The USDA released the first WASDE (World Agricultural Supply and Demand Estimates) since September 12. Wheat prices were down four cents, corn prices were 6 cents higher and soybean prices were 30 cent higher.
The lackluster wheat and corn price moves continued Monday after the Friday report. The Kansas City December wheat futures contract price fell another 3 cents (a total of 7 cents). The CBT December corn futures price gained another eight cents. The corn price change did break the price downtrend, at least for the time being.
Slightly lower wheat prices may have been because USDA projected total wheat 2013/14 ending stocks at 565 million bushels compared to the market’s pre-release average estimate of 529 million bushels. The five-year average U.S. wheat ending stocks is 770 million bushels.
World wheat ending stocks were projected to be 6.56 billion bushels compared to the pre-release estimate of 6.49 billion bushels. The five-year average world wheat ending stocks is 7 billion bushels. Both U.S. and world wheat ending stocks were above market expectations.
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The WASDE report was bearish for wheat. While U.S. wheat stocks are marginally tight, world wheat stocks are more than adequate. Tight U.S. stocks and below average world stocks could set the stage for significantly higher wheat prices for 2014/15 wheat marketing year.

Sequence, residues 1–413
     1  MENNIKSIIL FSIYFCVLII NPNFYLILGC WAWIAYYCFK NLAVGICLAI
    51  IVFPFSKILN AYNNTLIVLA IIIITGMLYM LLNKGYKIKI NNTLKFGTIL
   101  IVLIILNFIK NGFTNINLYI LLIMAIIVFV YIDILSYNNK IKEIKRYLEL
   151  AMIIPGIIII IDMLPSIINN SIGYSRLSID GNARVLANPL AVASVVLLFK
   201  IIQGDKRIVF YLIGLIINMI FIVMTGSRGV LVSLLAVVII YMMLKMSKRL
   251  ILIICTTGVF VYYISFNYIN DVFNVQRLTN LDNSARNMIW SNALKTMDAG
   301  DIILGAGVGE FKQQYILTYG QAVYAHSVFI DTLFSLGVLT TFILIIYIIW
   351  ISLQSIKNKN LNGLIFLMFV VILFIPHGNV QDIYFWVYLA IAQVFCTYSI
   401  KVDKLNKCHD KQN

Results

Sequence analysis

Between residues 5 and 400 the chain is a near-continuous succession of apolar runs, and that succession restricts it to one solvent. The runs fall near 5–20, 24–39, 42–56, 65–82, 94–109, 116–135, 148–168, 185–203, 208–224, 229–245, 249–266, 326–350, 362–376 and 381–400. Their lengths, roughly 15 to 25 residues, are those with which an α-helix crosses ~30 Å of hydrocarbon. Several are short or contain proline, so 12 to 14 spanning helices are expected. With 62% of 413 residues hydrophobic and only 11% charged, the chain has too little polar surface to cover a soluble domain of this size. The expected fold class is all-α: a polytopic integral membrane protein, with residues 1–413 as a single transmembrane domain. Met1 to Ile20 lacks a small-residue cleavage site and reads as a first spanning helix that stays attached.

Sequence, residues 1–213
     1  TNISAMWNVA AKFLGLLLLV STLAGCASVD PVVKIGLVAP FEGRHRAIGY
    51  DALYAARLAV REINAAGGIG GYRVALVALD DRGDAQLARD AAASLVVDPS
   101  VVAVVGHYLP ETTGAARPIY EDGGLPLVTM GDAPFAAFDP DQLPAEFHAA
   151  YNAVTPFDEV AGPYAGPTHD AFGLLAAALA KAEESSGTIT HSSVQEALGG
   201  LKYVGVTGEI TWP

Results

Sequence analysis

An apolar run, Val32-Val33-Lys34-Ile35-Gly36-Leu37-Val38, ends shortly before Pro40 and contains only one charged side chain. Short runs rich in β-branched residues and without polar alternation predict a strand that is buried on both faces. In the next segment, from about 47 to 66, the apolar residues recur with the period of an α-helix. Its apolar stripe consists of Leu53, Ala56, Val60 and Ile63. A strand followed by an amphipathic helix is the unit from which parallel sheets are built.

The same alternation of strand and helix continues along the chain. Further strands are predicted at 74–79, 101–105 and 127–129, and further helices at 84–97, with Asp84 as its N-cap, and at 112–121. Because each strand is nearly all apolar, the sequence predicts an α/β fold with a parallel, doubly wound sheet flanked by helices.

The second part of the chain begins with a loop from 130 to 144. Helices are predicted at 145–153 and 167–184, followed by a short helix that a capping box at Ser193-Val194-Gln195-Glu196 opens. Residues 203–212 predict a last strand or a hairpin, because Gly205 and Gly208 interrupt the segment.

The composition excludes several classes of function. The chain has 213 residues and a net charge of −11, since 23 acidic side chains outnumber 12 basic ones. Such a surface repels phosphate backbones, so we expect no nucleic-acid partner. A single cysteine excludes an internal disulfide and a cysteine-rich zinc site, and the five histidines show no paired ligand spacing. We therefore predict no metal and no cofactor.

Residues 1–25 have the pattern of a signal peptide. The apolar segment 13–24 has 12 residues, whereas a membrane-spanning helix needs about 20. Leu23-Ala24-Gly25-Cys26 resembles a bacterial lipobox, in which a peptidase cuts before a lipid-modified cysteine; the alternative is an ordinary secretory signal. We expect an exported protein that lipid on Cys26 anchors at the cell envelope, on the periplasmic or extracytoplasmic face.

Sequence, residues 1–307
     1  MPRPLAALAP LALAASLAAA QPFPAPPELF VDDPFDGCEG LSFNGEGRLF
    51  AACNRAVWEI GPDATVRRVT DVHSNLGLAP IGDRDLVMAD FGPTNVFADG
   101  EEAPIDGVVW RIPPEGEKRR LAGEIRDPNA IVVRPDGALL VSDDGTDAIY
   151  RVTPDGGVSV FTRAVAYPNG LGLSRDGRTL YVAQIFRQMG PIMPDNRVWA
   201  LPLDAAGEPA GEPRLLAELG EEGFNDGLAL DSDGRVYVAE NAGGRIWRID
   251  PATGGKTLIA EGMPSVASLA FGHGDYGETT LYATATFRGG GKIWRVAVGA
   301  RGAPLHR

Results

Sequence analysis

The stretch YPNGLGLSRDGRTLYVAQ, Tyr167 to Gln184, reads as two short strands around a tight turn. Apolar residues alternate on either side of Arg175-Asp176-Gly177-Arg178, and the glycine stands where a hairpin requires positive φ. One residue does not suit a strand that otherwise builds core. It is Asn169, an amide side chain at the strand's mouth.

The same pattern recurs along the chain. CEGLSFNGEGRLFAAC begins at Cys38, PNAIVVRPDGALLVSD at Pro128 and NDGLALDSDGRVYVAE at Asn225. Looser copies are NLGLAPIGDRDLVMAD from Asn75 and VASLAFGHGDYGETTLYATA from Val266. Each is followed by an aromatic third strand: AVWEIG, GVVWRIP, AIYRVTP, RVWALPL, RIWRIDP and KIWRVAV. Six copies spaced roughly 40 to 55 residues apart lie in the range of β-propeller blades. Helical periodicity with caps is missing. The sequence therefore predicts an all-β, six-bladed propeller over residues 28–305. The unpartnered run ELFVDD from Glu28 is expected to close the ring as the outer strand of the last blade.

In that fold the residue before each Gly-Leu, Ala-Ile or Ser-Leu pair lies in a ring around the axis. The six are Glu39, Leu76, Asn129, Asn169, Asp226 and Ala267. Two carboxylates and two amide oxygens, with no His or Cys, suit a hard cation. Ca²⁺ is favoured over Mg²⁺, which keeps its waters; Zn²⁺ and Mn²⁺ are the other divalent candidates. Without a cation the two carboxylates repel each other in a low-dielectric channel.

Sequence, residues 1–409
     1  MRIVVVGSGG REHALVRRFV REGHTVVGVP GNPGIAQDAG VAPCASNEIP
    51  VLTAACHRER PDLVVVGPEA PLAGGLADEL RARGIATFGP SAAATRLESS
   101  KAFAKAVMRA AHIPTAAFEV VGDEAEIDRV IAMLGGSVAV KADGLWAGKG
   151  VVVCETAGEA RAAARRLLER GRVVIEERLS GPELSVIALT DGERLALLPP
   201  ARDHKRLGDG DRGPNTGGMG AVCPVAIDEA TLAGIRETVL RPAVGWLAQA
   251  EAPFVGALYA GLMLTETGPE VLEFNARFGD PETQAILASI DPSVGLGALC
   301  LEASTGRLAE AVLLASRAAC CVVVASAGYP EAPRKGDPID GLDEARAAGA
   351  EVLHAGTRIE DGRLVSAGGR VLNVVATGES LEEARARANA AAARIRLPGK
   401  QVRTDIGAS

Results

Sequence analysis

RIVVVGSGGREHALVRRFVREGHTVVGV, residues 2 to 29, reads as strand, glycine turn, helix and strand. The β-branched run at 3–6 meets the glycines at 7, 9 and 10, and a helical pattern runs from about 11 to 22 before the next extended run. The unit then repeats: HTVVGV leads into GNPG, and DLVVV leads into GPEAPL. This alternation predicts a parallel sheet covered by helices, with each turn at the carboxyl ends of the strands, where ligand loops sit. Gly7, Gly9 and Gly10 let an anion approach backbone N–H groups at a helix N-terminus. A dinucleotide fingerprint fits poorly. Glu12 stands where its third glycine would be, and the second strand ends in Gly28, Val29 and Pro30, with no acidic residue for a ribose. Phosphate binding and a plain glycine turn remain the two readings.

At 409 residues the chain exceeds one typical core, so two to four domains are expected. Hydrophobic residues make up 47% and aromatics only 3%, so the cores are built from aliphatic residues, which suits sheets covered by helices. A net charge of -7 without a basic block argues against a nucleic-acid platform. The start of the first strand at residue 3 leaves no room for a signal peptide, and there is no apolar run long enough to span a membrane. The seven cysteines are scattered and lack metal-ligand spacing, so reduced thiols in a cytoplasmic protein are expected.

USDA’s November WASDE corn estimates were mixed. The pre-release average estimate for U.S. corn ending stocks was 2.04 billion bushels compared to USDA's estimate of 1.89 billion bushels, about 150 million bushels less than the average of the market estimates.
USDA's projected world corn ending stocks was 6.47 billion bushels compared to the prerelease average estimate of 6.11 billion bushels. USDA's estimate was about 6 percent greater than the average of the trade estimates.
The question is: "Which will carry the most weight, U.S. or world?" A $4.15 price may be a critical. If the CBT December corn contract closes below $4.15, the CBT December corn contract price may challenge $4. Prices below $4 could result in a price target of $3.67. If $4.15 holds, the price target may be $4.50.
Ending stocks for U.S. corn were lower than market expectations, mostly because of a 175- million bushel increase in projected corn exports. A problem may be that world ending stocks were 6 percent higher than expected and 8.5 percent higher than the September estimate. With higher world corn ending stocks, will U.S. corn exports reach USDA's November estimates?
The USDA U.S. soybean ending stocks estimate was 20 million bushels higher than the September estimate and 7 million bushels below the average of the pre-release estimates. The pre-release average estimate for world soybean ending stocks was 2.66 billion bushels compared to USDA's estimate of 2.58 billion bushels. With soybeans, world ending stocks trumped U.S. stocks. Also, if the market is reacting to world soybeans, they for sure didn't miss the corn estimates.
The results of the November USDA WASDE report may be that wheat prices work lower, corn prices slowly work higher, and soybean prices work higher.
Future wheat prices will be driven by Argentina and Australia’s wheat harvest, which last through December. Then the market will watch the development of the U.S. winter wheat crop.
The corn harvest is more than 75 percent complete. Corn prices will mostly be determined by export sales and shipments as will soybean prices.